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Natalie Zemon Davis, who died on October 21 just short of her 95th birthday, was probably the best-known and most well-regarded of North American historians since the 1970s. She published her first book, Society and Culture in Early Modern France, in 1975 and was writing the final pages of her last book in the weeks before she died.
Her early work on the popular culture and religious mentalities of artisans and labourers in the 16th century captured imaginations, and she led the early teaching of women’s history at the University of Toronto. But it is her distinctive methods and contributions to what came to be known as microhistory that are best remembered.
Microhistory is a method and approach to historical writing that deploys close analysis of an incident, a life or a specific location as a way into writing about wider society. It used methods of close reading of sources as though through a microscope and reading against the grain, to reveal small details or clues that might challenge more established theories.
Microhistory brought a different scale and point of view to the writing of history, one based on closeness and familiarity as opposed to distance and strangeness. Davis practised microhistory using her great gift for storytelling; over her lifetime, it took her from a village in 16th-century France to 17th-century Québec and on to North Africa and Suriname. Her approach is best conveyed in these three books.
1. The Return of Martin Guerre (1984)
The Return of Martin Guerre was Davis’s most famous work and the subject of the internationally renowned 1982 French film of the same name, on which she collaborated. It told the 16th-century story of Arnaud du Tilh, who impersonated a peasant named Martin Guerre from the Gascon village of Artigat.
Using the evidence and surrounding correspondence of the court case that arose, Davis drew on her deep knowledge of urban and rural labouring lives. Through the approaches of cultural anthropology and psychology, she centred her story on Guerre’s wife, Bertrande de Rols.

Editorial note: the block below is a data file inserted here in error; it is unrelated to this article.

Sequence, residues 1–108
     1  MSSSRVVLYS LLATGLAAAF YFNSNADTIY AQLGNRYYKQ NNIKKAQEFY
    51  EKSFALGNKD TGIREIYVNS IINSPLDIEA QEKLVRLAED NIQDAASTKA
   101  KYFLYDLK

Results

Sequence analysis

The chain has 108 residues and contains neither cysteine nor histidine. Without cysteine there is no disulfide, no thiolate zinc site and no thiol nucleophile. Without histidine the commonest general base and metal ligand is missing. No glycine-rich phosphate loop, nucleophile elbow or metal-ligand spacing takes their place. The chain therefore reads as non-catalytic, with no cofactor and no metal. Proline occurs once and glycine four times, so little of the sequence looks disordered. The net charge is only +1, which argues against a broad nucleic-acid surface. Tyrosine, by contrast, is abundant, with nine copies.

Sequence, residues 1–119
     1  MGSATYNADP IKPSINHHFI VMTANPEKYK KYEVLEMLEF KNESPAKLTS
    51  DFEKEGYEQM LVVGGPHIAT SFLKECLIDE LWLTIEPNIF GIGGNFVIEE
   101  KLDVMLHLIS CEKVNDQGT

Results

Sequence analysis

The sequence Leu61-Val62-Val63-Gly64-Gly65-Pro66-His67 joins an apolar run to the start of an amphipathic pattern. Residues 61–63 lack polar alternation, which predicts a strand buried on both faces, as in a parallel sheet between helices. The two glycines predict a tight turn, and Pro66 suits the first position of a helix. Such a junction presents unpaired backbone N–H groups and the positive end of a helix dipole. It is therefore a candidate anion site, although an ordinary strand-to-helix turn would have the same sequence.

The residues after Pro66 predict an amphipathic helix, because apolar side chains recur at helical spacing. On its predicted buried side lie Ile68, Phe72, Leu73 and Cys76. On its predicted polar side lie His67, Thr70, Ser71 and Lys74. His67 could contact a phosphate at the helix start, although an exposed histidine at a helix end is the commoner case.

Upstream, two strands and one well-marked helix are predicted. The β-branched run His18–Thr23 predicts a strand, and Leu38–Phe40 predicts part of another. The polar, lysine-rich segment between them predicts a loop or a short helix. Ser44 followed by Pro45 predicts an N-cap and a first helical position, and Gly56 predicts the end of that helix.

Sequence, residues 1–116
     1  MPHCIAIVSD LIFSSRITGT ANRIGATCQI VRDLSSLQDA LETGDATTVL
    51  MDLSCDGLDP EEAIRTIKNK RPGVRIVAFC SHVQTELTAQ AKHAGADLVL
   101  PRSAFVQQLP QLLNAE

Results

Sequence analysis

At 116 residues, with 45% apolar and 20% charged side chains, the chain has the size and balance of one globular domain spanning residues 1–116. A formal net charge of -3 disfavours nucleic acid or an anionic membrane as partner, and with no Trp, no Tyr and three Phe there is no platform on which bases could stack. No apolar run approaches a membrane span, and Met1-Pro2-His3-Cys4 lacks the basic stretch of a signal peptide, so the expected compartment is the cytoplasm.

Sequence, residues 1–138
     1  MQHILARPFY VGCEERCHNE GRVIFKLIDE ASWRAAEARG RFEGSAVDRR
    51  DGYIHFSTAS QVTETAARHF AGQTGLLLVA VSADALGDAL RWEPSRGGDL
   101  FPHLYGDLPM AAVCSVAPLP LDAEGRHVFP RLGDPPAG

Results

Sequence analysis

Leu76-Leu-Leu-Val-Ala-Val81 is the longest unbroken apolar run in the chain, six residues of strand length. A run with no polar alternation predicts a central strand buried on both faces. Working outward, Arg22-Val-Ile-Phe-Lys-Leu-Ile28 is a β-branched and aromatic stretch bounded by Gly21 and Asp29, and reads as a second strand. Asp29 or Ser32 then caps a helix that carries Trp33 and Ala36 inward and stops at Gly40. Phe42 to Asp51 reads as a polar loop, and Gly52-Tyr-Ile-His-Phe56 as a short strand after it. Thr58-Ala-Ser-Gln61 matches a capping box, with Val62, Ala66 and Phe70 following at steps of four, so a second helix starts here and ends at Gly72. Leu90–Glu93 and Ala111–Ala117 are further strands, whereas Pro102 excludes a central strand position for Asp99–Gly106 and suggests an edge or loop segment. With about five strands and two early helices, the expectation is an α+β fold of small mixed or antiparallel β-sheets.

Abandoned by the real Guerre for eight years, de Rols accepted the “returned husband” (who was actually du Tilh) and lived with him for three years before discovery of the deception. Was she duped or willingly complicit?
Davis did not just follow the evidence in the court testimonials of the judges of Toulouse, but probed behind them into the lives of the villagers of Artigat. She conveyed to her readers an empathetic understanding of the constraints on de Rols’s life, and the opportunities open to her to make her choices.
2. Women on the Margins: Three 17th-Century Lives (1990)
Women on the Margins again followed the lives of individual women. This time, three urban women of different religions born in 17th-century Europe: Glikl von Hameln, a German-Jewish merchant woman in Hamburg; Marie de l'Incarnation, a French Catholic missionary who made her life in New France (Québec); and Maria Sibylla Merian, a German-Dutch Protestant artist-naturalist of flora and fauna who travelled to Suriname in the Caribbean.
This was not a microhistory based on an event, as in Martin Guerre, but one based on people who were marginalised due to their gender and – in the cases of Von Hameln and Merian – their religion.
The lives of these women took Davis outside Europe to the encounters of Maria de l’Incarnation with Amerindian women in New France, and of Merian with Caribbean and African enslaved women in Suriname.
Davis reconstructed the interactions of ordinary European women with people and places that existed far beyond their previous experiences. This led her to what became her preoccupation: connecting narratives of local and individual histories with the wider world.
Trickster Travels showed Davis again interrogating and contextualising known sources and texts. But this time, she was reconstructing the life of al-Hasan al-Wazzan, otherwise known as Leo Africanus – a north African merchant, traveller, diplomat and author of The History and Description of Africa (1550).
She wrote of his dilemmas, his ruses, his beliefs and his compromises. Drawing on and writing about translated Arabic texts, she recreated Africanus himself as a translation: an Arab African, a Muslim converted to Christianity, living in Rome, writing in Italian about Islamic culture and the geography of Africa.
With this intriguing story of an Islamic captive and scholar, Davis successfully placed her practice of microhistory on a global stage, just at the time many European historians were rethinking their subjects, and connecting their histories of Europe with those of the wider world.
Davis continued writing this global microhistory in her unfinished but almost complete book, Braided Histories. It explores the lives of plantation owners and enslaved peoples on one plantation in 18th-century Suriname – the Dutch colony in South America.
The author of several books, articles and book chapters, Davis was also a generous scholar who warmly engaged students and established writers in stimulating, probing conversation across many fields.
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Maxine Berg receives funding from The Leverhulme Trust.